Not Made in the USA
You hear about the trade deficit and the budget deficit in the news all the
time. With tech giants like Microsoft, IBM and Dell within our borders, surely
those deficits don't apply to the world of technology, right?
The trade deficit in the tech sector alone reached a record $102 billion last
year. That figure includes imports of computers, components and consumer electronics.
And, as you may have guessed, the bulk of the high-tech imports come from China
(none of which have been recalled, by the way). The total for technology imports
last year was $322 billion, a 9 percent increase over 2005, according to a report
from the American Electronics Association.
Fear not, as tech exports have risen consistently, as well. The $220 billion
worth we shipped out in 2006 was a 10 percent increase over 2005, but not quite
the $223 billion level set in the giddy days of the dot-com bubble in 2000.
California led the charge, shipping $51.8 billion, followed by Dell...um, I
mean Texas, Florida, Massachusetts and New York.
Does this tech trade deficit concern you? Does it surprise you? How do you
think it might affect the tech economy in the coming years? Ship me your thoughts
Fish, Chips, Free Wi-Fi
Londoners may have to pay a fee to drive their vehicles and lorries into downtown
London (much like the fee New Yorkers can expect to pay in the near future),
but at least their Wi-Fi is free.
Free-hotspot.com, which helps people find Wi-Fi hot spots, has teamed up with
MeshHopper to establish
a free Wi-Fi zone along the River Thames. The free zone is being promoted
as online-4-free.com. Nothing is ever really free though, is it? Frugal Web
surfers have to agree to view online ads every 15 minutes. Not bad, I suppose.
Think of all those extra pounds you'd have (this is London, after all) for a
stop in the local pub.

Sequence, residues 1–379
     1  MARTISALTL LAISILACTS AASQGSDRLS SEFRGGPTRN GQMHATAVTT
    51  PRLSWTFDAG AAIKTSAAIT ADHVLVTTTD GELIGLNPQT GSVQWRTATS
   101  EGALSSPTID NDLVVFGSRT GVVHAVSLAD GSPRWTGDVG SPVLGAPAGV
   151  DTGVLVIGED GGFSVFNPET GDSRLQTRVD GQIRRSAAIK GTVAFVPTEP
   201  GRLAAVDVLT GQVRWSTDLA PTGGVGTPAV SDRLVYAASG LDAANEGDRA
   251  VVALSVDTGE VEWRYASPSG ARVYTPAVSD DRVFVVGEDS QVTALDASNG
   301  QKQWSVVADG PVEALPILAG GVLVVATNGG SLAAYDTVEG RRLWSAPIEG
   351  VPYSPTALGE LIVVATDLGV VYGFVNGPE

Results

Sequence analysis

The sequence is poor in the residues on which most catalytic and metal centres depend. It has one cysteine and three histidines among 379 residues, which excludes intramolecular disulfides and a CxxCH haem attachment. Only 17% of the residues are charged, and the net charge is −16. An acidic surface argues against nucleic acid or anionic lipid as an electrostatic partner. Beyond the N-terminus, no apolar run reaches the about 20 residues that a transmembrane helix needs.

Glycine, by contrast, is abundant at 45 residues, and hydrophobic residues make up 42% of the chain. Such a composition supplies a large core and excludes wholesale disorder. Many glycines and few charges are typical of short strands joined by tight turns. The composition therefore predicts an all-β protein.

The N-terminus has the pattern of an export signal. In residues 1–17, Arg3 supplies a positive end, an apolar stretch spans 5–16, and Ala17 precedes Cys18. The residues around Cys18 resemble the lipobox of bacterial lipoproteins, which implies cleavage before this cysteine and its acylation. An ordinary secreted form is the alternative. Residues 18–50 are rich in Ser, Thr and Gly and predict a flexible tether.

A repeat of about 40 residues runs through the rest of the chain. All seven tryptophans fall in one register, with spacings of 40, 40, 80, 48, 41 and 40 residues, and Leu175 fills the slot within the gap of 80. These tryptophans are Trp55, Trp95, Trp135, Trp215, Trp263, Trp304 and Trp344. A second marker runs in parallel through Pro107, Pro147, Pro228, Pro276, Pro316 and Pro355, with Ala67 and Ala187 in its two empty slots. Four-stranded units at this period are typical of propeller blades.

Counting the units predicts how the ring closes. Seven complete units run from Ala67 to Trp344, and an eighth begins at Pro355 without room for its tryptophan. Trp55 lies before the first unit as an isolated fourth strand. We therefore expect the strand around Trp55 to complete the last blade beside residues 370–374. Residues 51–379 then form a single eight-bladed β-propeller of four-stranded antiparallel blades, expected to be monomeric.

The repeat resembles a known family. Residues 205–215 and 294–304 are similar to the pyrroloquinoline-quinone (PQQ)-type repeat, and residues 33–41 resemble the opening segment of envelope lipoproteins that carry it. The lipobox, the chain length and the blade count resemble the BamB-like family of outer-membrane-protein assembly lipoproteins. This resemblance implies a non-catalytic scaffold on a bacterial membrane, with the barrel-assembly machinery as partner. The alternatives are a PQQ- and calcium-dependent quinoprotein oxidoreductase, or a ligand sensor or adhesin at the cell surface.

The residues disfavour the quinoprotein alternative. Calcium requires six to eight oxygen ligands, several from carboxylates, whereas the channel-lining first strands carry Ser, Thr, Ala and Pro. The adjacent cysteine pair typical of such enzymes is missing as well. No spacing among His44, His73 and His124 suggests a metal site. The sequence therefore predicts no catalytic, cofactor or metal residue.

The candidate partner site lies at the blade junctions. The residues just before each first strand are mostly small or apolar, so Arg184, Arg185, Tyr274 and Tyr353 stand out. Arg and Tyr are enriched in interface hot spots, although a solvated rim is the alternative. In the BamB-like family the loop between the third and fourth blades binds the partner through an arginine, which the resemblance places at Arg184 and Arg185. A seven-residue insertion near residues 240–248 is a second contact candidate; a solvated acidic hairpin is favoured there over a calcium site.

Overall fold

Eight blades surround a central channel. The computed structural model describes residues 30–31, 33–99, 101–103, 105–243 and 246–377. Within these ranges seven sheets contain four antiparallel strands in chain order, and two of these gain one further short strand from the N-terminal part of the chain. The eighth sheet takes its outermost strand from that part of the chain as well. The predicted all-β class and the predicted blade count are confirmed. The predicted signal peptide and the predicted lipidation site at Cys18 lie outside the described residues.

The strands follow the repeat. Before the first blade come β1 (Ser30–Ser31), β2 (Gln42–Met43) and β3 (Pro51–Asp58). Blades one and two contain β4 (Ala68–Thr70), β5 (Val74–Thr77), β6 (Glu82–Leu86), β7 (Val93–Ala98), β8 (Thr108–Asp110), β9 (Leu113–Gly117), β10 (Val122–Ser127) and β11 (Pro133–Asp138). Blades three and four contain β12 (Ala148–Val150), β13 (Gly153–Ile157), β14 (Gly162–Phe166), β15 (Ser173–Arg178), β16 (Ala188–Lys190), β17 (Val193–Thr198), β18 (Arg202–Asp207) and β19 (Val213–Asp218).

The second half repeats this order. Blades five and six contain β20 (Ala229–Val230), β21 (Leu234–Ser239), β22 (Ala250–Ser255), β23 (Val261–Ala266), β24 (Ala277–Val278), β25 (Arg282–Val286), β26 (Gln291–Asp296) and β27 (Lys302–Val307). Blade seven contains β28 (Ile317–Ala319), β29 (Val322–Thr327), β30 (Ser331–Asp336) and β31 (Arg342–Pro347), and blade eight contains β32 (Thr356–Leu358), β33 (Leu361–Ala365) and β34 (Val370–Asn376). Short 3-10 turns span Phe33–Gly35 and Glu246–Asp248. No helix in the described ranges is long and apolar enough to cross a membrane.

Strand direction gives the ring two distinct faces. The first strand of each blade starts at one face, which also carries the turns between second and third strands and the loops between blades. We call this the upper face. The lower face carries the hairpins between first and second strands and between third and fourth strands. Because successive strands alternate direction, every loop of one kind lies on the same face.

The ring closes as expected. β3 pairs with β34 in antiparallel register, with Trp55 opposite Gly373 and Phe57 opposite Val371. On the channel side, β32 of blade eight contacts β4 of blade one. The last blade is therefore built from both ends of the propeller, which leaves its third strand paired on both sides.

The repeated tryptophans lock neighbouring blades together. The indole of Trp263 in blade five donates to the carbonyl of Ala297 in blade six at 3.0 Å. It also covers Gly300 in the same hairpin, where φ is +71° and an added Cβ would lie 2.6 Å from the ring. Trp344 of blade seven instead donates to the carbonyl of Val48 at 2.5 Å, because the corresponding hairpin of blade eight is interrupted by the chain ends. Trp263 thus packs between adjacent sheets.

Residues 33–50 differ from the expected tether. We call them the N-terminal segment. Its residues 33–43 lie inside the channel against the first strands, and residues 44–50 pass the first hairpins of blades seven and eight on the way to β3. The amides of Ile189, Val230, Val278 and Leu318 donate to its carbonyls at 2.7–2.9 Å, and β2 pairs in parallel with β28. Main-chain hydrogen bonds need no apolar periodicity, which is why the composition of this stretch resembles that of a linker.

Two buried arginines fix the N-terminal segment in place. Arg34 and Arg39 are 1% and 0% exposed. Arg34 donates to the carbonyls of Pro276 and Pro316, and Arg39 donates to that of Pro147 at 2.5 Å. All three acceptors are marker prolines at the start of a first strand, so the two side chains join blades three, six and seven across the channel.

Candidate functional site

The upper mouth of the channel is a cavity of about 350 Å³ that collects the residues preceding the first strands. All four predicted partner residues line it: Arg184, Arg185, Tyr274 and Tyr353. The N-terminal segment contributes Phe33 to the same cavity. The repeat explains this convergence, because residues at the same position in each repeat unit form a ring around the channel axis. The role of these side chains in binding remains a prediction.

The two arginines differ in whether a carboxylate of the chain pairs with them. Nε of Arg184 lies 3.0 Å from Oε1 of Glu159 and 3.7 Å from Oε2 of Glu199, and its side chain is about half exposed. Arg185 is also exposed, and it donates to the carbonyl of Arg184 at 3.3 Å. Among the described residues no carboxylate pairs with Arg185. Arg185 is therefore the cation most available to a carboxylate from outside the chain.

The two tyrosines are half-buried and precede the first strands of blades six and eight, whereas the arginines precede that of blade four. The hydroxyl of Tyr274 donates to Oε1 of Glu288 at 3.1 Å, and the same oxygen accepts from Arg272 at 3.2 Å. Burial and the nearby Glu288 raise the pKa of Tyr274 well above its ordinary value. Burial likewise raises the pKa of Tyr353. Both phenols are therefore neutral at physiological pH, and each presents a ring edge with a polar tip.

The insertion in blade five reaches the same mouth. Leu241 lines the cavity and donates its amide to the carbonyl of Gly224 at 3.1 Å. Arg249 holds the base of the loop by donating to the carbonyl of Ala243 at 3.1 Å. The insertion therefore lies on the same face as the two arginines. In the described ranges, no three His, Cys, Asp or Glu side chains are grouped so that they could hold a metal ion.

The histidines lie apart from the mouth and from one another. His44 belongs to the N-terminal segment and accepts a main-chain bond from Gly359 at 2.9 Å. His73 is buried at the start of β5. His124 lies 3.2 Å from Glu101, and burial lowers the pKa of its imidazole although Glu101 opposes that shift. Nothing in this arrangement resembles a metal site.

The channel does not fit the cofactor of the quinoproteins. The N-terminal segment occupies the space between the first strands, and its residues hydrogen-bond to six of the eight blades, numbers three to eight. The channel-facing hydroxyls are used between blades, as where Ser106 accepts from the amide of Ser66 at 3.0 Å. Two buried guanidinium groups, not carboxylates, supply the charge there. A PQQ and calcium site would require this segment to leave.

There is a fee-based service, as well, if you want to skip the online ads.
Tough call. The Free-hotspot.com MeshHopper duo expects to expand the free Wi-Fi
zone by August. Other groups are working on similar projects in Manchester,
England and Paris.
How important is free Wi-Fi to you? Does it affect your travel plans? Your
surfing plans? Do the security concerns concern you? If you can do it for free,
send me your thoughts at firstname.lastname@example.org
(heck, send me your thoughts even if you have to drop a dime).
Keep your eyes open for a password-stealing trojan -- a new
variation of the NTOS.exe.
After some poor soul downloads this vicious chunk of evil 1s and nasty 0s,
it starts stealing your data. Then it encrypts your data and denies you access
unless you buck up for a decryption key. This is off the audacity charts.
Actually, as offensive and shocking as this is, it seems to be just a cover
for harvesting sensitive data like IP addresses, user names, log-on IDs and
passwords. Thanks go out to our friends at Prevx, who clued us in to this new
threat. Prevx is making its decryption software available for free if you think
your organization's data has been hijacked by this nasty new bit of malware.
Has this hit you yet? Can you believe the audacity of this type of threat?
Tell me your horror stories at email@example.com.